I’ve been on vacation for the holidays now since December 23rd. It’s been a great week spent at home with my family, enjoying time together.
It’s interesting how quickly though your body and mind adapt to the lifestyle that being off from work affords you.
My normal schedule means waking at about 5 AM and commuting to the office for a 9-10 hour workday and then a 1 hour commute home, followed by an evening spent preparing dinner and food for the next day at work. Not so, since vacation started.
The weather in Atlanta over the past week has been excellent. Atlanta never gets really cold like other parts of the US – it’s definitely colder than the summer and fall, but it’s still weather that you can enjoy outdoors time.
During vacation, I’ve been able to play pickup soccer, do some morning training with a Goalkeeper preparing for a tryout, get outside with my sons for soccer, work on building another garden bed, and take the family out to a Miniature Golf and Go-Kart park.
I think the lack of time in front of a computer, coupled with a lot of outdoors time has really helped regain a normal sleep cycle. I’m tired in the evening and I can sleep until morning with only minor interruptions. It’s gone a long way to making me feel normal and helping my body recover from some sickness and from the lack of rest during the last first half of December.
If there’s one area that I wish I could do more of while on this break – it’s exercise. Getting to the gym is less convenient when I’m out of the office, and my days have been more consumed with the family and kids during the time off. It’s probably been good to have a week off from lifting to allow my body to repair and recover.
I’ve stayed consistent with Paleo during vacation – and being home has allowed me to cycle more variety into my diet each day and vary my meal times and sizes according to my hunger more.
Want to know what started me down the road to the Paleo lifestyle? A Food Smoker.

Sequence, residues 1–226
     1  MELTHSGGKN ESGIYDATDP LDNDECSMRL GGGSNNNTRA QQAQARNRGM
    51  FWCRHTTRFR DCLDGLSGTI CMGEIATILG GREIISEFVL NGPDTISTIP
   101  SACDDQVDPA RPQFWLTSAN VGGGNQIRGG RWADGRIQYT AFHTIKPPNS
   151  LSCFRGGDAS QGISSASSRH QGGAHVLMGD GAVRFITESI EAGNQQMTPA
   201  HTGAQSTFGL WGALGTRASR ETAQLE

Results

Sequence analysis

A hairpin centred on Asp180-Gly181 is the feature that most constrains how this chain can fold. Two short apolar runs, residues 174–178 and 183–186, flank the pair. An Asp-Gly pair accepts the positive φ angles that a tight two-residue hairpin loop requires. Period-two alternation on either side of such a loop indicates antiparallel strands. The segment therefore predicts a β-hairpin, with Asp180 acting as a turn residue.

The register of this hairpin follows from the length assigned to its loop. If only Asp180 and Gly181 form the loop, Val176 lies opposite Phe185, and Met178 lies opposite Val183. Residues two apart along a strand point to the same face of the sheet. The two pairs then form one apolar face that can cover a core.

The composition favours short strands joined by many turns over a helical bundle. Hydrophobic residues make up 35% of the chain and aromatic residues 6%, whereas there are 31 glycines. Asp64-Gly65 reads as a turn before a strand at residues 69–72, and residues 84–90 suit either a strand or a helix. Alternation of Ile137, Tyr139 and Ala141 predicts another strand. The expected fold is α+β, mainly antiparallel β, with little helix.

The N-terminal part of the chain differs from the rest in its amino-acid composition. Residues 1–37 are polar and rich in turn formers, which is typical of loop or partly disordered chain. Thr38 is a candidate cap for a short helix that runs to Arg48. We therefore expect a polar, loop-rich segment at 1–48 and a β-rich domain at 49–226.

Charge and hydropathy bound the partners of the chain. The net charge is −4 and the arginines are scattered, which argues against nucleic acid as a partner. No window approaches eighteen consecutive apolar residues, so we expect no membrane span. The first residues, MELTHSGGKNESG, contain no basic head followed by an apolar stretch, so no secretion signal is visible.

Twelve months ago, my in-laws gave me a fantastic Christmas present: A Brinkmann Electric Smoker. I had long coveted my father-in-law’s smoker and the fantastic meats it produced. So for Christmas, I received my very own.
In the fifty-two weeks since, I’ve probably smoked food in about forty-five of those weeks. At first, it was a few chickens, chicken parts and turkey breasts. Over time, it became whatever cuts of poultry I could find on sale at my local supermarket chains. Mid way through the year, I added an occasional pork shoulder (from Thompson Farms in Dixie, Georgia) and I still plan to make homemade bacon in it eventually.
So why is the smoker the gateway to Paleo for me?
First, it introduced regularly cooking with large cuts of meat instead of the boneless, skinless chicken so many of us are accustomed to. I became familiar with cooking slowly, and cooking ahead.
Second, I removed deli meat as a primary dietary food from my life. Don’t get me wrong – I still enjoy deli meats and they are convenient, but it became easy to pass on Boar’s Head deli meats at $8-10 a pound when I bought whole chickens for less than $1 a pound.
Preparing more of my own food lead to more ingredient control – and out went the added sugars and any gluten-containing ingredients.
Paleo becomes easy to maintain when you have a plentiful source of fresh meat available to you.
Since last Spring – or maybe even back to indoor last winter – Aidan has been noticing when he saw soccer jerseys at practices or out on the streets. I’ve been wanting to find the right shirt for him (and Evan) for a while.
During the Christmas season, I was able to find the England 2010 World Cup Away jersey (the beautiful red Umbro design) in Kitbag’s Outlet section. I knew they would be a hit for them both and well priced.
Christmas morning they were both excited when they opened them and put them on almost immediately.
I’m really a fan of Umbro’s designs and build quality. Rather than being a simple synthetic shirt in youth size, the Umbro shirts include their performance features like a mesh back. There’s also a lot of great tailoring on side panels and around the neck. Unlike so many sports jerseys for kids I see in the US, these fit very well.